[Interval Problem] 2 cents

jecel at lsi.usp.br jecel at lsi.usp.br
Mon Aug 2 22:50:46 UTC 1999

Alan Kay wrote:
>      I think that the Self way is pretty good and clean, since it extends
> referential transparency one more level. A little more of a metadescription
> would make things even nicer and more useful ...

The traditional implementation of Self has (among other things)
a name, some flags and a value for each slot. The flags distinguish
among the four kinds of slots like this:

   switch ( slot.flags & TYPE_BITS ) {
       case CONSTANT  :
                        returnToCaller ( slot.value );
       case DATA      :
                        returnToCaller ( receiver [ slot.value ] );
       case ASSIGNMENT:
                        receiver [ slot.value ] = getArgFromStack();
                        returnToCaller ( receiver );
       case METHOD    :
                        callInSelf ( nativeCodeCacheFind(slot.value) );

While Self's system takes care of the 95% of the accessor methods
that are trivial, non trivial ones require you to define and
extra, "hidden" slot into which you store the actual value (for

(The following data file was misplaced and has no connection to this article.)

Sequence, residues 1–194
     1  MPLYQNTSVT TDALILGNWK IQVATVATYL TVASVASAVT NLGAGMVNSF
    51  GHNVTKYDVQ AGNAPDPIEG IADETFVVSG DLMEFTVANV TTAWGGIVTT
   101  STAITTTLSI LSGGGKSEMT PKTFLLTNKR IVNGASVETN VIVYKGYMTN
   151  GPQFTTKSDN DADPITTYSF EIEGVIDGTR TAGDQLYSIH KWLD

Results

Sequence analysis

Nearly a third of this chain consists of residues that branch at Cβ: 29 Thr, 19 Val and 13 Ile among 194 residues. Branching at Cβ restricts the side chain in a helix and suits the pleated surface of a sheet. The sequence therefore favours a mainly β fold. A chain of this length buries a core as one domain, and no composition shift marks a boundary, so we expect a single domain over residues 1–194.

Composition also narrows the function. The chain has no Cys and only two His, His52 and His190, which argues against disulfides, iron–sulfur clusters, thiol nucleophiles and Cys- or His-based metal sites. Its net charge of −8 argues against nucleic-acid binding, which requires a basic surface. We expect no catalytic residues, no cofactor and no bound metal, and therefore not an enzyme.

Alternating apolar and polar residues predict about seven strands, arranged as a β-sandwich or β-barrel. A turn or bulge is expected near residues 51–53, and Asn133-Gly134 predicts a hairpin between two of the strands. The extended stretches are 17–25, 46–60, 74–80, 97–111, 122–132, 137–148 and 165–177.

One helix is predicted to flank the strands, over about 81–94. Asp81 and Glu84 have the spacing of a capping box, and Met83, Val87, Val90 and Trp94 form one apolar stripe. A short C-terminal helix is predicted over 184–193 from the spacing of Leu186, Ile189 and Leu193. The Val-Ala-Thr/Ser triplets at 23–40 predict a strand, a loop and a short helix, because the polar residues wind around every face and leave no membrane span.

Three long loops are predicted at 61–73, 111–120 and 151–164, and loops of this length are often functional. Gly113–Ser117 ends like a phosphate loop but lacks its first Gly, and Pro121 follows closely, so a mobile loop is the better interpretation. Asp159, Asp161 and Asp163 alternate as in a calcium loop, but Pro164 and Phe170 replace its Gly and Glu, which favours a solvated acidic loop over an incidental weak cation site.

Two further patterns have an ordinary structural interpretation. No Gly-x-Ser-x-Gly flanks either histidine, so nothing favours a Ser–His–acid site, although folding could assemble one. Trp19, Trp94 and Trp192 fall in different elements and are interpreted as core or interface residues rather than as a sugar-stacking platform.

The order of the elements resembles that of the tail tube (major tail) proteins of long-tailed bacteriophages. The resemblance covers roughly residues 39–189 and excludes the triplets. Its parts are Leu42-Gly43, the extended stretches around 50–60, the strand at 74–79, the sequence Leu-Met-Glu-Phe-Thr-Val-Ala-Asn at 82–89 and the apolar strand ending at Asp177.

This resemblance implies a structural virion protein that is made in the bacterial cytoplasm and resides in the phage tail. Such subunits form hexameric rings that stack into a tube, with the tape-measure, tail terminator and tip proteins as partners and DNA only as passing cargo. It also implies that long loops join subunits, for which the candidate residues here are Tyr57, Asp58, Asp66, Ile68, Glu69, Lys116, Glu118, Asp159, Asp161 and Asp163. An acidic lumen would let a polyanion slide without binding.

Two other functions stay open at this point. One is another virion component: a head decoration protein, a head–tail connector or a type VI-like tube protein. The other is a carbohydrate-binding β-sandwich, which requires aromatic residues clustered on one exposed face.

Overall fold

example, you have the non trivial #color and #color: slots that
use the simple #rawColor and #rawColor slots). Thinking about this,
I created a Self implementation which replaced the flags field
with a pointer to native code, so the above fragment would now be:

    callInSelf ( slot.nativeCode, slot.value );

For the CONSTANT, DATA and ASSIGNMENT slots, the nativeCode just
does what the original fragment did with the value. For the
METHOD slot, the nativeCode originally looks up value in the
cache, but then it overwrites the nativeCode field with the result
so this step is skipped the next time.

Now the whole idea was that the user would be free to create
new types for slots (in Self and then compiled to native code)
as a possible alternative to the #rawColor thing. I now feel
that this was going to far.

-- Jecel

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